St. Patrick’s Day

Happy St. Patrick’s Day! This holiday, a religious and cultural holiday held on March 17 commemorating Ireland’s patron saint, is celebrated by many, especially here in New York City.

While the days of “No Irish Need Apply” are long gone, it is possible that some may experience discrimination because of their Irish background, heritage, or origin.

For example, Title VII of the Civil Rights Act of 1964, the New York State Human Rights Law, and the New York City Human Rights Law expressly prohibit discrimination based on, e.g., “national origin.” Those statutes, as well as another federal law (42 U.S.C. § 1981) likewise prohibit discrimination based on race. See Village of Freeport v. Barrella, 814 F.3d 594, 605 n.25 (2d Cir. 2016) (suggesting that “a hypothetical white applicant whose ancestry is one-half Hispanic and one-half Irish … could, in principle, bring a race-discrimination suit if an employer refuses to hire him because he is Irish-American, and instead hires a white Italian-American”).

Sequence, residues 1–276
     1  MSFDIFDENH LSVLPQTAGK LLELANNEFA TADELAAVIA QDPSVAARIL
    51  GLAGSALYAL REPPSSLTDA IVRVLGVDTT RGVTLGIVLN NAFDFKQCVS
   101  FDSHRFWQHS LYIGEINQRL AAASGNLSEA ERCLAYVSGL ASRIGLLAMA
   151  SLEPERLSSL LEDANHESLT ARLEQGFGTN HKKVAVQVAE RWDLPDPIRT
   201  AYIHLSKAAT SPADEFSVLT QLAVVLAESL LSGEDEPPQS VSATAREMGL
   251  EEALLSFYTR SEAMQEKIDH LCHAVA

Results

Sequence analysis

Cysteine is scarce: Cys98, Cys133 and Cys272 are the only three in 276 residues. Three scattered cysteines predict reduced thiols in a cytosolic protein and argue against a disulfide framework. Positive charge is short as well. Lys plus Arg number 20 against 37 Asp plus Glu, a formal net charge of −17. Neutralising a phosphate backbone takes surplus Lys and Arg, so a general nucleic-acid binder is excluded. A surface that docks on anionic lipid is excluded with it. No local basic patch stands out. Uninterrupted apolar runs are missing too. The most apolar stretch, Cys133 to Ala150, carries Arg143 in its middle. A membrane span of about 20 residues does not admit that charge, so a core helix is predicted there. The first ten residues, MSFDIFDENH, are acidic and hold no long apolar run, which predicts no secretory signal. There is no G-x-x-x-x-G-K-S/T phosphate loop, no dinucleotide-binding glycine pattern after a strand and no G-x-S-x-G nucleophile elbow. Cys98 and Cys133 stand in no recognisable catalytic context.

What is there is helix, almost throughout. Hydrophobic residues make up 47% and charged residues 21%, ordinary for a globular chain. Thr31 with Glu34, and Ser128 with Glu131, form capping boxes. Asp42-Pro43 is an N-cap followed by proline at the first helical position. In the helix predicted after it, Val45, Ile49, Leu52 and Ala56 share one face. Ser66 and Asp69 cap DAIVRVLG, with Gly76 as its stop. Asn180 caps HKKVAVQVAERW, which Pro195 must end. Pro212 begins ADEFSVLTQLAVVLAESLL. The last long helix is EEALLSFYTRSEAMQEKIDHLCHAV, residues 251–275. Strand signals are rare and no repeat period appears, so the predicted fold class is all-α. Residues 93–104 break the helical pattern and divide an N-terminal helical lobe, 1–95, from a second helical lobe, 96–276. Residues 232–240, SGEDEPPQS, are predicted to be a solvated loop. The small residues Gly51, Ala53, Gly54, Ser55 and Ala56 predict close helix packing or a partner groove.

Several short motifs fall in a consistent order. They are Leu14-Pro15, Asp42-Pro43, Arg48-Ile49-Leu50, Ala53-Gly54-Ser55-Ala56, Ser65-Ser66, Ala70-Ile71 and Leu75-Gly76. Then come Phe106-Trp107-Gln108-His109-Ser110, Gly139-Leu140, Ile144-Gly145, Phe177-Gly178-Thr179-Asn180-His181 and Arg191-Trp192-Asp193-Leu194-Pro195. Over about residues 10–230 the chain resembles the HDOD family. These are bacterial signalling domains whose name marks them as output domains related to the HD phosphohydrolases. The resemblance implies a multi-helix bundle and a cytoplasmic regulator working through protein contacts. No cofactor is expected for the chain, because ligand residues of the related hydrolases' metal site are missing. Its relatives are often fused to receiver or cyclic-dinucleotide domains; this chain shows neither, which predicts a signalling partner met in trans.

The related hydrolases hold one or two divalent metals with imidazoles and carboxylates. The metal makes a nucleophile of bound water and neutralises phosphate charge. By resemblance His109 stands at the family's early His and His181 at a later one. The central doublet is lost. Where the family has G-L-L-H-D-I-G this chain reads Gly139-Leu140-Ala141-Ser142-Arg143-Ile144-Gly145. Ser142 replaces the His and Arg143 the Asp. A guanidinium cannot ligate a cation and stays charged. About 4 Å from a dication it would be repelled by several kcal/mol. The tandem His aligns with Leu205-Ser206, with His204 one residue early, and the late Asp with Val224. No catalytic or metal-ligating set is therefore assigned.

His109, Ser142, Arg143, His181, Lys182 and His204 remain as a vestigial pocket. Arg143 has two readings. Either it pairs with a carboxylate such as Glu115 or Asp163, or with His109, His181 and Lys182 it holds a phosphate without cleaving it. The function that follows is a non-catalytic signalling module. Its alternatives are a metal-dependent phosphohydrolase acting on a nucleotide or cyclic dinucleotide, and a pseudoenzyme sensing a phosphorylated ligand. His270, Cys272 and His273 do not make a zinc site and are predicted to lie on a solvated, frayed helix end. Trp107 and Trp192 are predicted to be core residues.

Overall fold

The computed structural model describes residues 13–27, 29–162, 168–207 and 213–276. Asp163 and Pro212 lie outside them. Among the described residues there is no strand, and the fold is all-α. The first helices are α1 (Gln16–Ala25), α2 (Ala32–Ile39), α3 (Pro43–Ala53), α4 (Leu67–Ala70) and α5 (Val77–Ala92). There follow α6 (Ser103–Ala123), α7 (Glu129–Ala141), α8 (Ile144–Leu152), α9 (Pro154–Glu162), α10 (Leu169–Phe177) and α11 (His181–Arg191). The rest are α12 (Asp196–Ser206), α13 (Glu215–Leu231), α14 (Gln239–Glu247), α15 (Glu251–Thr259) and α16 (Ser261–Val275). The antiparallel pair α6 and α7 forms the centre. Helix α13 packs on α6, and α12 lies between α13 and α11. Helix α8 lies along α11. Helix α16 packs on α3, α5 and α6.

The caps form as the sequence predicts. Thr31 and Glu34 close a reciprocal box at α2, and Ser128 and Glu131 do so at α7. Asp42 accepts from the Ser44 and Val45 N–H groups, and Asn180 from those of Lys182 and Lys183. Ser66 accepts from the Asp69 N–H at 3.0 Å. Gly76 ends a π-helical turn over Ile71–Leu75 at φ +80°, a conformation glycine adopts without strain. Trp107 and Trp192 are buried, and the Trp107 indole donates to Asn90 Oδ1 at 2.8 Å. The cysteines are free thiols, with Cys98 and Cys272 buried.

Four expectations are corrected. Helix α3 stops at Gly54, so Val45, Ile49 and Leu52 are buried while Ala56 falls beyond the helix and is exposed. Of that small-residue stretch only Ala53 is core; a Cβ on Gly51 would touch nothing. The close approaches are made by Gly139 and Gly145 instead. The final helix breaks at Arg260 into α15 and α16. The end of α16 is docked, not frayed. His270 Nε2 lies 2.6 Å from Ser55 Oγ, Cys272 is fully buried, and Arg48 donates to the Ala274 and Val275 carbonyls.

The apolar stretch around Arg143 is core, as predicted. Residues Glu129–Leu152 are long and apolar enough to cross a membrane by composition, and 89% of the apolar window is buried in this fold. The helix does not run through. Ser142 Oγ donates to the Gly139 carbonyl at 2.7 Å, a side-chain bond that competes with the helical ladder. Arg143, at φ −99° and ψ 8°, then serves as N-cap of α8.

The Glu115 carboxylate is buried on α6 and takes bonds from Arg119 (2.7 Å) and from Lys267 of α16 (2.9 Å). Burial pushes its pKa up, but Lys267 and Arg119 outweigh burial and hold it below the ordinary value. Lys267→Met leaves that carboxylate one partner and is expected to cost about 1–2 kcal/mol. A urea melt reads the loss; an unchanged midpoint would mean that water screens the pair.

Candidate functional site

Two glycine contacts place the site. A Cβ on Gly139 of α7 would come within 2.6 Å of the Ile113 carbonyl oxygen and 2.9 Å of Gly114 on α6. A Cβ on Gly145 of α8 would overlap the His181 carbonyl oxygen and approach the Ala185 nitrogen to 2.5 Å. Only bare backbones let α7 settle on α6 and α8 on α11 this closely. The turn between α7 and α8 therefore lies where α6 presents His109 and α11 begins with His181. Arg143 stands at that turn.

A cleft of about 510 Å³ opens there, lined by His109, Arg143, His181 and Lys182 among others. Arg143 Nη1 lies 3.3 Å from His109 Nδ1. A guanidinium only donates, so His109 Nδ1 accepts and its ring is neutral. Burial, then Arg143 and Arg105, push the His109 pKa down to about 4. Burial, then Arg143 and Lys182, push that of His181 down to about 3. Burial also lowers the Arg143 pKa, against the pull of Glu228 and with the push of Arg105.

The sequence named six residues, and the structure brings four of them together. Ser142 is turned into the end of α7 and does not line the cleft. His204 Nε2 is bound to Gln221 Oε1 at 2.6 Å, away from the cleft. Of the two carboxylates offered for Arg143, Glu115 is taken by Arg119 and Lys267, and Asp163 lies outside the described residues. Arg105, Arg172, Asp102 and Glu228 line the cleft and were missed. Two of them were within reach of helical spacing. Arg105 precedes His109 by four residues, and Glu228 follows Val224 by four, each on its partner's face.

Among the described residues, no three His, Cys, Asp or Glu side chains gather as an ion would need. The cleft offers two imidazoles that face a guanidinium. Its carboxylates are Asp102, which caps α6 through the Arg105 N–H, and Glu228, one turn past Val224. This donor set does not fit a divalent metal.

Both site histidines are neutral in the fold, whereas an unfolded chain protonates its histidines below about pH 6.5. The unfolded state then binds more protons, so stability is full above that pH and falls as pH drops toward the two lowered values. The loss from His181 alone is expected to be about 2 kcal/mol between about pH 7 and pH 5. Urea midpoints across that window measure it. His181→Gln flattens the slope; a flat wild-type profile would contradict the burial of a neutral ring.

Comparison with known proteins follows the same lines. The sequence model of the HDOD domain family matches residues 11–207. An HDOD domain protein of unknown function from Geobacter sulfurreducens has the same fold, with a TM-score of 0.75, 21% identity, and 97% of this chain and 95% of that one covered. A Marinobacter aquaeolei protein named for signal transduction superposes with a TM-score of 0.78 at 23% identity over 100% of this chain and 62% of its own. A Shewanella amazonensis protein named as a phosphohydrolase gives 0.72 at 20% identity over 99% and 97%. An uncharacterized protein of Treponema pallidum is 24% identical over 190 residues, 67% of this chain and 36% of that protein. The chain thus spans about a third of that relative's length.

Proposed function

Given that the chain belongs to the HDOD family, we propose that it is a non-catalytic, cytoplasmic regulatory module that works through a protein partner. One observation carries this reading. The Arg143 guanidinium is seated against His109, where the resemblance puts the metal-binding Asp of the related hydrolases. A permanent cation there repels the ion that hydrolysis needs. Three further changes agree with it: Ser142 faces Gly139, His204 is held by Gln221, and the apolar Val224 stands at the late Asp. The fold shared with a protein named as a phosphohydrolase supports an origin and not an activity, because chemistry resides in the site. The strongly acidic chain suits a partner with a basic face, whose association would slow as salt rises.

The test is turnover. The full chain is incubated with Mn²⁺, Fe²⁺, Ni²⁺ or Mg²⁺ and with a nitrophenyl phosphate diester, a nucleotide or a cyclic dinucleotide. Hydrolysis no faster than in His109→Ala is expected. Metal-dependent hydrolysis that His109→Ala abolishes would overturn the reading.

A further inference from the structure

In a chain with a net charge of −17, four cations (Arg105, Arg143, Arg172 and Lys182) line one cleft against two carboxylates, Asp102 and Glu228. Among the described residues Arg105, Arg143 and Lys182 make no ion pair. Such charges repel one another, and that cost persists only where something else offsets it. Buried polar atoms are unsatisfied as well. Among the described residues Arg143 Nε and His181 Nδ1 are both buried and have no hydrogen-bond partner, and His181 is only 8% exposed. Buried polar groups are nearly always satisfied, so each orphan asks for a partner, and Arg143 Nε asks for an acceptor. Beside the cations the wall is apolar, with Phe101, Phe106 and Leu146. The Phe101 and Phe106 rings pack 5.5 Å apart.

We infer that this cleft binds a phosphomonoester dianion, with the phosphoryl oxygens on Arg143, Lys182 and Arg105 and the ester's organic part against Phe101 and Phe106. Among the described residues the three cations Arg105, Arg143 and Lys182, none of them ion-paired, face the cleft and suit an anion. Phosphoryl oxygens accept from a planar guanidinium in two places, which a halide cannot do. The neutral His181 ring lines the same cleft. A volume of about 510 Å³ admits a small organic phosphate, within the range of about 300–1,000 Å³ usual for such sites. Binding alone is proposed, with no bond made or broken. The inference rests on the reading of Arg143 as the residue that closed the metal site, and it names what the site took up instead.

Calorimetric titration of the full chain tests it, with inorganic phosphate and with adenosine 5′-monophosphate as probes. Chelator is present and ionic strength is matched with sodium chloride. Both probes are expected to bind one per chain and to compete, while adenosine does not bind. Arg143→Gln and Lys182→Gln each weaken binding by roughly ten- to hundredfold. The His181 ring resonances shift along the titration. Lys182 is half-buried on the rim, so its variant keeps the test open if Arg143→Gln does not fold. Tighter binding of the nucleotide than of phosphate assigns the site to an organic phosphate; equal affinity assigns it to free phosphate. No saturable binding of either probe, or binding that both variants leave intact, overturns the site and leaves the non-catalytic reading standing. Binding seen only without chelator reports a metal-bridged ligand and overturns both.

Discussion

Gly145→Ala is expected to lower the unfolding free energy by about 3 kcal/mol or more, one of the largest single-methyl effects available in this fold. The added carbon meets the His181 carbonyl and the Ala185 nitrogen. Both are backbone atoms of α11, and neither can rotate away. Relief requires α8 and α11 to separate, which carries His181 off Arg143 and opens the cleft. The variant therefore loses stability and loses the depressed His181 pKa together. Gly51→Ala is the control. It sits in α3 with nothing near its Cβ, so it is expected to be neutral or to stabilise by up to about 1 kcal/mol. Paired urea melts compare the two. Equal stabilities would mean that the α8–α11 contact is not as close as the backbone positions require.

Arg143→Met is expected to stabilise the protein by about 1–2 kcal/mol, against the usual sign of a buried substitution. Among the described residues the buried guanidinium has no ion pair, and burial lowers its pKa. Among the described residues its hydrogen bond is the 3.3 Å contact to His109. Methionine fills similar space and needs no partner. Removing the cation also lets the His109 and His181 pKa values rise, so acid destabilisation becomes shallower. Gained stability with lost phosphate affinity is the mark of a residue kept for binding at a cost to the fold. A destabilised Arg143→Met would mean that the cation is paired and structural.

Conversely, preferring an Irish-American employee may give rise to a claim of discrimination by another employee. See Deravin v. Kerik, 335 F.3d 195, 202–03 (2d Cir. 2003) (“[W]e conclude that the absence of an explicit reference to race discrimination in Deravin’s EEOC complaint is not dispositive, because an allegation of preferential treatment for Irish–American employees fairly encompasses a claim of discrimination against minority employees.”).

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